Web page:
One former worker also said they encouraged suppliers and contractors to request payment upfront to ensure they were paid for their services. News.com.au understands that beyond rent, the business also has several other outstanding debts.

Again, Mr Richerdson says issues with suppliers and contractors have only become apparent “during and after Covid”. Like the issues around superannuation, claims from Bel & Brio employees have contradicted this.

“Every business, especially those within the hospitality industry, have had issues,” he said.

“I have always fostered strong relationships with suppliers, I am so grateful for their flexibility, as if we didn’t have stock we couldn’t trade.”

Boss’ promise to workers

In light of the recent upheaval, Mr Richerdson says he and the Bel & Brio management are “working on to ensure everyone will get everything they are owed”.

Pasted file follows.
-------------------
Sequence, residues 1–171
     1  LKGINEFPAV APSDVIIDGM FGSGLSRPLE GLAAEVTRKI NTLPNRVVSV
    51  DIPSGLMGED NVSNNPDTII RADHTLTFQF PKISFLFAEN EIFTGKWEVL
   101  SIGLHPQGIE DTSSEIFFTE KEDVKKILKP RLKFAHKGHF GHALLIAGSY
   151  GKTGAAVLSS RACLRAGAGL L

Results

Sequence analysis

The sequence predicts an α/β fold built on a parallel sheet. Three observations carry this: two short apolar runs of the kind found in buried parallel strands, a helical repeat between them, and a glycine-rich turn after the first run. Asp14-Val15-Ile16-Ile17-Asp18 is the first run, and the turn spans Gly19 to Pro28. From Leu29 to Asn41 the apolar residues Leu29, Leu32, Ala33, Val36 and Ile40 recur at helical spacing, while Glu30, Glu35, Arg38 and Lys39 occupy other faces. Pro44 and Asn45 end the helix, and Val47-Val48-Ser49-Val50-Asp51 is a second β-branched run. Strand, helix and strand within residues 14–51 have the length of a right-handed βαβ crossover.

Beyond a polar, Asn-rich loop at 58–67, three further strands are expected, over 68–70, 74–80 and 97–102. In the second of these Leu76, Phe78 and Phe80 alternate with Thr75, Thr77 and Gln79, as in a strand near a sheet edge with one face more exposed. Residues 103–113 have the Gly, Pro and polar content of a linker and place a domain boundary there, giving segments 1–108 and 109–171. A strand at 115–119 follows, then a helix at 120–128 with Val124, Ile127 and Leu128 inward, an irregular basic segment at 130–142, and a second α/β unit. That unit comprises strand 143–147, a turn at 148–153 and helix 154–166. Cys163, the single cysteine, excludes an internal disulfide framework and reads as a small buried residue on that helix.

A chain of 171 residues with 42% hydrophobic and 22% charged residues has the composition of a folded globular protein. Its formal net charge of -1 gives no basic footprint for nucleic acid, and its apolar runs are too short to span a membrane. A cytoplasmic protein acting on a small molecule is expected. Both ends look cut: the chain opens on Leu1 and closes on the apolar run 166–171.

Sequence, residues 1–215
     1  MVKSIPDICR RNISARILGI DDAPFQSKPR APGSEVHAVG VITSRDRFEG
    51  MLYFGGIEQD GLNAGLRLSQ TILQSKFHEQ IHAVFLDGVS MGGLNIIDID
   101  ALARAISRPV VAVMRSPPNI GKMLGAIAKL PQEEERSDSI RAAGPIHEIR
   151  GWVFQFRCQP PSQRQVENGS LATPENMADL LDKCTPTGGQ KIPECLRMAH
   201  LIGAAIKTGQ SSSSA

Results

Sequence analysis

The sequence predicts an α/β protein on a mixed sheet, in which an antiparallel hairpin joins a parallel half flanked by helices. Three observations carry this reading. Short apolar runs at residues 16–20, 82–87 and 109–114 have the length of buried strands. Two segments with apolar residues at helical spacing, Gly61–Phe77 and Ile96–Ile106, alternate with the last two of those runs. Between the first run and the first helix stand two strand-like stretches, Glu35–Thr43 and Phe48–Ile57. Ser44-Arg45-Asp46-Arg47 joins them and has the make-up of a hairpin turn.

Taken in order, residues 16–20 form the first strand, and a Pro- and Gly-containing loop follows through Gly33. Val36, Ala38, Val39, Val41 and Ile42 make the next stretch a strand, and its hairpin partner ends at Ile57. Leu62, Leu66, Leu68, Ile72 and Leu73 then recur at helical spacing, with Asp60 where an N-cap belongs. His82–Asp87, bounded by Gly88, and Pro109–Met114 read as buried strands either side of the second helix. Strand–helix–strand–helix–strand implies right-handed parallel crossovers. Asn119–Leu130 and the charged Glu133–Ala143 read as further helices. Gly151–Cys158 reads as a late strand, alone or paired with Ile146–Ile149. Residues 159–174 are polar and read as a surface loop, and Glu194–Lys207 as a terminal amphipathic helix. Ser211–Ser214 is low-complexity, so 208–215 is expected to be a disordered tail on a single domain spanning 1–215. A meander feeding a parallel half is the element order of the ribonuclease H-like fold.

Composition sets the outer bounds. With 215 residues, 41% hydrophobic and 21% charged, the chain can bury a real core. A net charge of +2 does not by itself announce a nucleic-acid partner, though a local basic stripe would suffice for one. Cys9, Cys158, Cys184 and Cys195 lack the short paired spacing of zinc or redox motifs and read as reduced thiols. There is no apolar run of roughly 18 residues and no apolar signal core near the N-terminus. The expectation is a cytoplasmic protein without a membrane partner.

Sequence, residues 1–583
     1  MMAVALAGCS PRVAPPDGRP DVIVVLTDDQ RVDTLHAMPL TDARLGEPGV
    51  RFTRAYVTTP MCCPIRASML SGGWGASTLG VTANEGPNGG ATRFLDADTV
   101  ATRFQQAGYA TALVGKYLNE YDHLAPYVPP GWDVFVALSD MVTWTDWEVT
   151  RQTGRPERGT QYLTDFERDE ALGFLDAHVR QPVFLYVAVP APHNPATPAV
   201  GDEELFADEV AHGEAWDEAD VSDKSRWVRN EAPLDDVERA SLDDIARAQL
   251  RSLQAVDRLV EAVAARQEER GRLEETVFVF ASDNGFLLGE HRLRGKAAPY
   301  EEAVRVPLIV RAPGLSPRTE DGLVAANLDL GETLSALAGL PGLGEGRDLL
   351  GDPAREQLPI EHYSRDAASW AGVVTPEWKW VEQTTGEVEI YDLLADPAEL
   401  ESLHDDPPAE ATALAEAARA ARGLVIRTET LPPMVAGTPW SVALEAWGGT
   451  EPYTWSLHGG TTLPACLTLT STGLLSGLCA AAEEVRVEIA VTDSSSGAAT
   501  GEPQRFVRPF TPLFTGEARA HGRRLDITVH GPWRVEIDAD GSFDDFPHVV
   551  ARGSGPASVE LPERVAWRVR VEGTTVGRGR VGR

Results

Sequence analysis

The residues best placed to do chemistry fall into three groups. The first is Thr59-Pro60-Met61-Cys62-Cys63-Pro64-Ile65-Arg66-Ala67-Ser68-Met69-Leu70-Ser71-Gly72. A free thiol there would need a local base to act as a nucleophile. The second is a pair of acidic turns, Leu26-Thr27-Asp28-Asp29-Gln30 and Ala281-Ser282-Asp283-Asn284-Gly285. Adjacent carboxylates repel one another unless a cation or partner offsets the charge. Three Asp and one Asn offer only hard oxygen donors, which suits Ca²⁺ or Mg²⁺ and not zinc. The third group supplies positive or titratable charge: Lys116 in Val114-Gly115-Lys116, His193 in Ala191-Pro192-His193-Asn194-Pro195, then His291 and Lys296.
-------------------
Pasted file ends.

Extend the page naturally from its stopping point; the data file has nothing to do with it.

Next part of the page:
“Visa holders will continue to be employed under sponsorship, the venue has only been closed for 10 days” he says.

“I am doing everything I can to ensure everyone is happy and we are very close to a positive outcome.”

While the restaurant boss claims he, along with the Bel & Brio staff have created a “fair and happy environment” in the seven-plus years of the establishment’s operation, many of his staff believe their future is in limbo.

“People have made plans to stay and many of them have lived in Australia for years and years and now what’s going to happen? They’re living in uncertainty and they might have to start from zero,” says Nicholas.

“That’s the worst thing.”

*Names have been changed

Know more? Get in touch at Jessica.wang@news.com.au

Originally published as Employees at Bell & Brio complain of late wages, no superannuation against boss, Mark Richerdson